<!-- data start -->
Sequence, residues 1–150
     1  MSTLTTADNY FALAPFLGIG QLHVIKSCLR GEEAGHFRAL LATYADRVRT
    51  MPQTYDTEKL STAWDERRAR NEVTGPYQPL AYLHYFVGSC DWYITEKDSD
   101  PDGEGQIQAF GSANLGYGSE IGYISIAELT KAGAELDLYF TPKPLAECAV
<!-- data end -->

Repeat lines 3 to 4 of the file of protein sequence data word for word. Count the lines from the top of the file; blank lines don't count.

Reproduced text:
    51  MPQTYDTEKL STAWDERRAR NEVTGPYQPL AYLHYFVGSC DWYITEKDSD
   101  PDGEGQIQAF GSANLGYGSE IGYISIAELT KAGAELDLYF TPKPLAECAV